SMOC: Broad access to leading clinical trials.
At Southeastern Medical Oncology Center, we actively participate in several nationally and internationally recognized cancer investigational consortiums funded by the National Cancer Institute, including:
- National Surgical Adjuvant Breast and Bowel Project
- Southwest Oncology Group
- Radiation Therapy Oncology Group
- Cancer and Leukemia Group B
- University of Rochester Cancer Center
In fact, SMOC is involved in the same clinical studies as major cancer centers, such as UNC, Duke and Sloan Kettering. Southeastern Medical Oncology Center is also active in pharmaceutical company trials for the development of emerging cancer therapies. This enables us to offer you or your loved one the “beyond-state-of-the-art” care people assume is only available at these major institutions.
Should you participate in a clinical trial?
The decision to participate in a cancer clinical trial, or not, is an important decision that only you can make… and which should be considered carefully. Your views on scientific evidence, your feelings about your disease and your personal attitudes about health are all vital to consider.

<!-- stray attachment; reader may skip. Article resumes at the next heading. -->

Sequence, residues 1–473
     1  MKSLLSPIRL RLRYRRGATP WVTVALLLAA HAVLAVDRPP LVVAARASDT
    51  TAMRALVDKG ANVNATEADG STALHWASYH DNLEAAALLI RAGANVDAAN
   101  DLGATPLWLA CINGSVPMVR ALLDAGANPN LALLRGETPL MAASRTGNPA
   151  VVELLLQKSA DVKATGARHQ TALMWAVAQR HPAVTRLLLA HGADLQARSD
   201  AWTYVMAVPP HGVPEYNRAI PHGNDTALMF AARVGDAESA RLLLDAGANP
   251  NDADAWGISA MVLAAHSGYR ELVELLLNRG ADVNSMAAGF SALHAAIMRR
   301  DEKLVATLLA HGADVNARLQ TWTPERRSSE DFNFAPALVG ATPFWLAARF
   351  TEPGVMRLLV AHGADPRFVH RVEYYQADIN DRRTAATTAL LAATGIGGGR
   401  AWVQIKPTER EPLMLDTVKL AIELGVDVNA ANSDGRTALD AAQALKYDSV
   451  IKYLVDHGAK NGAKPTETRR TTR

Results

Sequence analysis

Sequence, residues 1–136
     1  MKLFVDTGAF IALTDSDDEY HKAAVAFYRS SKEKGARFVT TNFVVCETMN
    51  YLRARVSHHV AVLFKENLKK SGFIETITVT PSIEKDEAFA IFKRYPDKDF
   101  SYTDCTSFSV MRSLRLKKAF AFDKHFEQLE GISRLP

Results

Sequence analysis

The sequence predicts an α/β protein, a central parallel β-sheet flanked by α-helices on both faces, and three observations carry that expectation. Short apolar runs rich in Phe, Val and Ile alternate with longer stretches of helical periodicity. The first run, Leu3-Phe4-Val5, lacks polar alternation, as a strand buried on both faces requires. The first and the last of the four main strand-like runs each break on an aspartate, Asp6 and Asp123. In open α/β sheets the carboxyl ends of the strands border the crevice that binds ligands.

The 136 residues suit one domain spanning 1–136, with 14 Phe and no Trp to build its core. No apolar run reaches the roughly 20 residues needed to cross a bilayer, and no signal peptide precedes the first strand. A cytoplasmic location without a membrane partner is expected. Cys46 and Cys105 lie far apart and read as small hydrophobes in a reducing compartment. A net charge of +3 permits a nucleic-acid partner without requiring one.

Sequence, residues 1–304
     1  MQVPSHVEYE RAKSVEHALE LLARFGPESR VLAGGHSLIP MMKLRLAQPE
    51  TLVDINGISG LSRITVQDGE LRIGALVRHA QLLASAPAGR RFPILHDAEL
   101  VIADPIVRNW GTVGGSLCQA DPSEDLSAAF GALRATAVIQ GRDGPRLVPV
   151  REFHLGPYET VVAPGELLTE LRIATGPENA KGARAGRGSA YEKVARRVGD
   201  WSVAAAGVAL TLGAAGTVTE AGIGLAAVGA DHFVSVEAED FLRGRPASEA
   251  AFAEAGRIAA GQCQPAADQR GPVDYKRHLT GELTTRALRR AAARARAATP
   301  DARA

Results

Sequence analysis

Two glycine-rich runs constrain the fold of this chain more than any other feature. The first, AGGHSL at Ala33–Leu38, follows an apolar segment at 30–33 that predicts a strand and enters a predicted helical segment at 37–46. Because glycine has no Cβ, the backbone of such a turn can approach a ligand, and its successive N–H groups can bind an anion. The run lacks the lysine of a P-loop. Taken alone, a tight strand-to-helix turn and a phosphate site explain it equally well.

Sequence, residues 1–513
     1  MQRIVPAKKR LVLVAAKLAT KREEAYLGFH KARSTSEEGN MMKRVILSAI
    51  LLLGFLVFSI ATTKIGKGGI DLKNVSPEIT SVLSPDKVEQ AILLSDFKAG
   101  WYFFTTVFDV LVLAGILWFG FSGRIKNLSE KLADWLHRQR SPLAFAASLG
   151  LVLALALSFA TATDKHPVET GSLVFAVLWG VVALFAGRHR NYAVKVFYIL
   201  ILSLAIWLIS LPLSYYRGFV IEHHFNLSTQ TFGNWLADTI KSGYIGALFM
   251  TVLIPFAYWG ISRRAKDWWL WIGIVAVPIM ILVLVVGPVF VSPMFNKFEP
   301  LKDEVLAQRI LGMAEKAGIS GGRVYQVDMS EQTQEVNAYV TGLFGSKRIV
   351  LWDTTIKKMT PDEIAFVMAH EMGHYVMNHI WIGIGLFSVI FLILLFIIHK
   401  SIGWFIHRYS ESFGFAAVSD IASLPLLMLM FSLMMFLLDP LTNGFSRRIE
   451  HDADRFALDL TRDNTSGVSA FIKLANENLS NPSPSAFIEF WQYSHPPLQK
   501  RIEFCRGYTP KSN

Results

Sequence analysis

Researching clinical trials is likely the best way to start figuring out if they may be right for you. Discussing the issue with your oncology specialist and your family is also vitally important. Clinical trials are not for everyone. So it’s important to weigh all aspects of the studies in your decision, including these considerations:
- Care from cancer specialists on the leading edge of their field
- Access to new drugs that may not be otherwise available
- Information from your experience that can benefit other patients and possibly the future of cancer treatment
- Advancement of the scientific knowledge of cancer and cancer treatment
- The risk of side effects
- You may not be able to choose treatment in trials, such as in Phase III where treatments are randomly assigned
- Your health insurance plan may not cover the study
- Clinical trials may require more time than standard treatment
If you are considering participating in a clinical study, be sure to consult with your SMOC oncologist. He or she can recommend trials that may be most appropriate for you and answer any additional questions you may have about side effects, benefits, costs and quality-of-life.
To see which clinical trials SMOC is currently participating in, click here to link to Southeast Clinical Oncology Research Consortium. To schedule an appointment, call 919-580-0000. You can also schedule an appointment using our easy online form.